|Bid||81.90 x 200|
|Ask||82.49 x 100|
|Day's range||82.45 - 85.65|
|52-week range||82.45 - 116.20|
|PE ratio (TTM)||26.54|
|Forward dividend & yield||2.52 (2.86%)|
|1y target est||N/A|
If there is anything to glean from all the pay ratio disclosures, it’s that there needs to be more consistency in how they are calculated and reported before they can be useful to investors. When the Securities and Exchange Commission adopted the pay ratio rule nearly three years ago, in which companies were required to report how the annual total compensation of the chief executive officer compares with the median of the annual total compensation of their employees, the idea was to provide more insight into income inequality. One problem that arises is that companies only count what each employee is paid during the year, while CEO compensation could include estimates of market value of unvested stock options and other benefits, such as security measures for a CEO’s residence.
Mattel Inc. (NASDAQ: MAT) is down more than 5% as of 11:20 A.M. EST following an announcement yesterday afternoon that the company’s CEO, Margo Georgiadis, will be leaving the company to take the CEO role at Ancestry, the leading family history and consumer genomics company.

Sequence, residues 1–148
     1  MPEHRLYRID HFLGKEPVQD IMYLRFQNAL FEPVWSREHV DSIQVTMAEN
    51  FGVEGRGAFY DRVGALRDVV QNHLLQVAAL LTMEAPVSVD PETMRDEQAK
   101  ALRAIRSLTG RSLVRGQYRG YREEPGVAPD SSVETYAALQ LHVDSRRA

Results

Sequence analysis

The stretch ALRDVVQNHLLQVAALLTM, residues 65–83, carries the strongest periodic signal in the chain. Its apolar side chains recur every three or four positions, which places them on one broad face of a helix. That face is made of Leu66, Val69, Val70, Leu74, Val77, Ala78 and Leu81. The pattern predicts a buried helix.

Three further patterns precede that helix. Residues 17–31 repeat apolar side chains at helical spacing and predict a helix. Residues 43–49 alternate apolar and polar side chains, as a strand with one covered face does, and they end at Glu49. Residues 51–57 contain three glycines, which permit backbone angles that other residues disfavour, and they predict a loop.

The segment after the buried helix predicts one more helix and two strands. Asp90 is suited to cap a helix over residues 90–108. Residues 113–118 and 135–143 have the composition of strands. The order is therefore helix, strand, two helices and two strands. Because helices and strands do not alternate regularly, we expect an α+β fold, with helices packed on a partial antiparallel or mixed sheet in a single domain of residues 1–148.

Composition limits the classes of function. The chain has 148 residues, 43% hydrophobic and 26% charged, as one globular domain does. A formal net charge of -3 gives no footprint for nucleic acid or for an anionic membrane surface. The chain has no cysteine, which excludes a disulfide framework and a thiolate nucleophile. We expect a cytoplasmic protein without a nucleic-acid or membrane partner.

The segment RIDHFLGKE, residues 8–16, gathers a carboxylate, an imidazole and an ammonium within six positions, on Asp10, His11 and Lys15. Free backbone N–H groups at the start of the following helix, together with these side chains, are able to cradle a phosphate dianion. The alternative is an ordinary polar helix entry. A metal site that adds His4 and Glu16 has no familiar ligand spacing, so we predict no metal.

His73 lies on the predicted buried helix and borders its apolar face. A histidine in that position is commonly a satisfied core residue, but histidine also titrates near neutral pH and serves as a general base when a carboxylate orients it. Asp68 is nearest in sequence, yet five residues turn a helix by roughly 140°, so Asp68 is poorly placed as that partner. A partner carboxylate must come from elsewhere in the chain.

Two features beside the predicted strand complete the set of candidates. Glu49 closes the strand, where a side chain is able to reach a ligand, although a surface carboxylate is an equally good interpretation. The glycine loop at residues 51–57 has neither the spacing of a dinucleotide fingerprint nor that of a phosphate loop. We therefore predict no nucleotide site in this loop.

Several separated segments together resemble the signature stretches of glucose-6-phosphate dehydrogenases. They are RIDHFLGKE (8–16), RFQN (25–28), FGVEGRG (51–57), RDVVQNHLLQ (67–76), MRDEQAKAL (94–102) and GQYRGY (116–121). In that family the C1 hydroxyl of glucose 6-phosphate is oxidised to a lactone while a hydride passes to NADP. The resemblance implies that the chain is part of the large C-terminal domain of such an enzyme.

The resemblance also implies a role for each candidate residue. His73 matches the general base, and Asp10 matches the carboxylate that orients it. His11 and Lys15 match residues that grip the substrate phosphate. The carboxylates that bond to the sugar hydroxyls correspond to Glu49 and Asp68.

Ynon Kreiz has been a director on Mattel's board since June 2017, and was slated to be elected as the board's chairman at its shareholder meeting on May 17.
Hasbro's (HAS) top line is likely to be impacted by liquidation of Toys "R" Us, a significant U.S. toymaker. Also, revenues from European region are anticipated to be under pressure.
The toy giants each had roughly $5 billion in revenue last year. But their median-worker pay is quite different.
Nostalgia hasn't translated into dollars in a long-shot effort to crowdfund a future for Toys R Us. Neither did efforts to recruit other toy makers. A campaign led by a billionaire toy executive who pledged ...
Shares of Mattel (MAT) and Hasbro (HAS) have taken a beating this year, falling 15% and 6.6%, respectively, hurt by the Toys 'R' Us bankruptcy. MKM Partners' Eric Handler warns that the pain may not be over yet. Let's tackle Hasbro first: Handler writes that even though the company enjoys a broad diversification of retailers and less reliance on Toys 'R' Us than Mattel, it will still see "an adverse financial impact from the retailer's liquidation." His lower first- and second-quarter estimates also rest on ongoing tight inventory control at Walmart (WMT), Target (TGT), and Amazon.com (AMZN).
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Big toymakers such as Mattel and Hasbro, as well as smaller players like JAKKS Pacific are likely to be affected as a considerable portion of their revenues were generated from sales to Toys "R" Us.
Both companies will feel the pain from the shuttering of the nations largest toy chain. One company is much better positioned to weather the storm.
Toy company executive Isaac Larian and other investors have pledged a total of $200 million and hope to raise four times that amount in crowdfunding in a bid to save potentially more than half of the 735 ...
The fate of Toys R' Us might make you sad, but it should not surprise you. And it doesn't spell the end of toy sales.